If you’re looking to cut back on caffeine, decaf coffee can help you take that step back, while still being able to savor that fresh roast aroma in the morning. Though coffee fuels our days, over time we slowly develop a tolerance for caffeine, which means that more is needed for the same effect. You can reset your caffeine clock by taking a break. And thanks to chemical-free decaffeination techniques, like the Swiss Water® Process, you don’t have to sacrifice flavor and quality – or your health – for less caffeine.
We talked with the team at Swiss Water to clear up the misconceptions and answer your questions about decaf coffee. Read through and you might just add one of our specialty decafs to your coffee lineup.
First off, really, what’s the point of decaf?
The point of coffee is the taste, it’s the aroma. Some people may see it as little more than an efficient way to get their caffeine, but that goes against the fact that coffee has become an experience over the past 30 years.
There’s an argument to be made that decaf coffee drinkers are the true purists of the coffee world. They’re not drinking it for the caffeine, they’re drinking it for the flavor, the aroma.
Who drinks decaf coffee?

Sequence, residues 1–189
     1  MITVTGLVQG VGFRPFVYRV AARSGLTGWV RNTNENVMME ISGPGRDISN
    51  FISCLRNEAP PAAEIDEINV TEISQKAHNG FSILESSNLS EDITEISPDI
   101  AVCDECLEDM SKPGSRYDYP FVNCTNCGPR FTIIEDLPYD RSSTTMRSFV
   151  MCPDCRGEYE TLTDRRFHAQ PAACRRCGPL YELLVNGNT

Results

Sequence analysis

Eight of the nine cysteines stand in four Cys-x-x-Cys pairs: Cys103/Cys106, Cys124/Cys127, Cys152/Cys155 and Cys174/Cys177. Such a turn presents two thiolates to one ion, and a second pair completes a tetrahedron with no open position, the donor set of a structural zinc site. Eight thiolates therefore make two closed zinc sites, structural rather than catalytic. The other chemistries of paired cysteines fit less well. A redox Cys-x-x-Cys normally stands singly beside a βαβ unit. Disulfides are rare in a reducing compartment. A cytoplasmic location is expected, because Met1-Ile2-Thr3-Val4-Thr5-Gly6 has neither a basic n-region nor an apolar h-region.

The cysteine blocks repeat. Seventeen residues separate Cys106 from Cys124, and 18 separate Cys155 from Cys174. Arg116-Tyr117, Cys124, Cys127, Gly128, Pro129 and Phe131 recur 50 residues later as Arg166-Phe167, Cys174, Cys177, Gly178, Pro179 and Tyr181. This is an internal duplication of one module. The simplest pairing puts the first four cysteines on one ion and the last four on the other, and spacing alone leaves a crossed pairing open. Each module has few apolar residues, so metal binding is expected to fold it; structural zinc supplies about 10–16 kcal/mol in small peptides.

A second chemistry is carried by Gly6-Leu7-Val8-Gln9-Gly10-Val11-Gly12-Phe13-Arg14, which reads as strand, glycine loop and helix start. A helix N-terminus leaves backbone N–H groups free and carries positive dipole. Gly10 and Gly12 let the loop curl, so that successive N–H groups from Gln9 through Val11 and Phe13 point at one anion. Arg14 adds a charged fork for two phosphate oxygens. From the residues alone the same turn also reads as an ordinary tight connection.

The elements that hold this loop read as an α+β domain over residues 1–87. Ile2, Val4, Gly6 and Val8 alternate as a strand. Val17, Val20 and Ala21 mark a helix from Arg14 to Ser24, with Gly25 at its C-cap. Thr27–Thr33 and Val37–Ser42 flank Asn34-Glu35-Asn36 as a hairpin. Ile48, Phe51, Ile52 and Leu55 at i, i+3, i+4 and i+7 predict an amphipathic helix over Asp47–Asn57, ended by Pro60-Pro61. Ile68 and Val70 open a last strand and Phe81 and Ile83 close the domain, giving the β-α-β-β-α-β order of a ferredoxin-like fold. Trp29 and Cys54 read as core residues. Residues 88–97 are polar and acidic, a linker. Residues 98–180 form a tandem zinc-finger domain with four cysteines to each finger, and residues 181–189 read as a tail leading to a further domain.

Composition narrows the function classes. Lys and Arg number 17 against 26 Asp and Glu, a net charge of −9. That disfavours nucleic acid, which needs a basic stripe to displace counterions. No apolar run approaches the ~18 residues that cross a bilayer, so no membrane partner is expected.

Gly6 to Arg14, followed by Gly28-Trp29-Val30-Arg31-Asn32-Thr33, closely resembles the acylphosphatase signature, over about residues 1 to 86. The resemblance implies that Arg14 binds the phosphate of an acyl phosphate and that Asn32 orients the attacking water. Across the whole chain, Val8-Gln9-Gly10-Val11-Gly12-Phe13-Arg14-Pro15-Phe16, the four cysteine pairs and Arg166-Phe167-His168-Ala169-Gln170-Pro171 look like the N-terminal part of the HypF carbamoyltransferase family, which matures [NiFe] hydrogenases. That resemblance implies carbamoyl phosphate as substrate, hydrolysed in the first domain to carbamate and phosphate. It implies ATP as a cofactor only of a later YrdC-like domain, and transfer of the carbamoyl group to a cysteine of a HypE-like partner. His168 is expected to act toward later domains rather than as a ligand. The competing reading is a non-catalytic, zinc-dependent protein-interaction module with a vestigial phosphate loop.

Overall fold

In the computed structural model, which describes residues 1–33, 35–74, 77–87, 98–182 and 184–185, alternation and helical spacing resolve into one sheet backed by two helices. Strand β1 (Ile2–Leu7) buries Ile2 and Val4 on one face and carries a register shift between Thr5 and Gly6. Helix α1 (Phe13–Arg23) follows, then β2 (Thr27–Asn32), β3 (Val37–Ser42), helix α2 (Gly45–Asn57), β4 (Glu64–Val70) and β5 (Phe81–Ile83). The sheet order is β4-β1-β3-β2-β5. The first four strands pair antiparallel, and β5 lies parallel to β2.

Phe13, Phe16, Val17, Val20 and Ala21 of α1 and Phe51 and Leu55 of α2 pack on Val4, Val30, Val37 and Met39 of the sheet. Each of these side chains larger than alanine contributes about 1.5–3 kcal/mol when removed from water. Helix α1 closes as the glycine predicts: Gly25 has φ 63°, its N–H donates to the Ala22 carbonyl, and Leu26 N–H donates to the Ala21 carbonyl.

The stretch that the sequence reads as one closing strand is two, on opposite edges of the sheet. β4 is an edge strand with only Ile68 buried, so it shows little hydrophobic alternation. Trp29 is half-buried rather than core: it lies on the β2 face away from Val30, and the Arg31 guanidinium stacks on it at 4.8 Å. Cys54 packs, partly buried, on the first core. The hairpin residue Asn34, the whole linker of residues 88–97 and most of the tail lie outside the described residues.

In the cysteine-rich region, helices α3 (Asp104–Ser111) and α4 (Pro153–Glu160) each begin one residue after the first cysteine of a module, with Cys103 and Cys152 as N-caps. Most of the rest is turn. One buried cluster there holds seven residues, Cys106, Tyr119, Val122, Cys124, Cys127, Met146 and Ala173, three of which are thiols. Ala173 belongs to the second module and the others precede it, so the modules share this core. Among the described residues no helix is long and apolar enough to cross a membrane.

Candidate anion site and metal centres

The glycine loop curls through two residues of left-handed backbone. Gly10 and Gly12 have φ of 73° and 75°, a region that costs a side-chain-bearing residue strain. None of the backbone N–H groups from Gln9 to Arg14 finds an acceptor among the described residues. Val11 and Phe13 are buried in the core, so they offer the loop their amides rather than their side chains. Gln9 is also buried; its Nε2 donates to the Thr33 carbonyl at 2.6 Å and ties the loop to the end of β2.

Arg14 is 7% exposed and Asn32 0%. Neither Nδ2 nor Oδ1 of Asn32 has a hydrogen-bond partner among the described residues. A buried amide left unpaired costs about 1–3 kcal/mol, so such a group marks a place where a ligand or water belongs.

About five years ago, we saw research on coffee consumption from the National Coffee Association that implied that millennials were the largest consumers of decaf. We were intrigued and performed our own research and confirmed the NCA’s findings. It’s not baby boomers, not pregnant women, but younger millennials drinking the most decaf.
There are various theories, but many of the people in this group are more aware of what’s in their food, they understand the effects of caffeine, and they appreciate a good cup of coffee.
How do you decaffeinate coffee? Do you process it before or after roasting?
We decaffeinate the coffee prior to roasting. For our chemical-free process, we create a green coffee extract by removing all water soluble solids from a giant batch of green coffee. We dispose of those beans at an organic waste site. What remains is a liquid extract.
Then we run the extract through a highly selective carbon filter that targets and removes the caffeine, leaving the other solids. This caffeine free extract is then circulated through the green coffee beans. Because everything else is equal, except the caffeine, it pulls that out of the beans.
Most other processes use chemicals to extract everything and then the remaining solids are returned to the coffee beans. They may even directly bathe the beans in the chemicals. Our process has more finesse, we target what we want to remove and you end up with a better flavor, a better roast.
Is decaf actually caffeine-free?
There’s no such thing as a 100 percent caffeine-free coffee. It does not exist in nature, and no decaffeination process can achieve it. We process our coffee to the highest international standard of 99.9 percent caffeine-free. A few scientific studies have cited levels at two to seven milligrams per eight ounce cup of decaf coffee. That compares to an average of 80 to 100 milligrams in a regular coffee.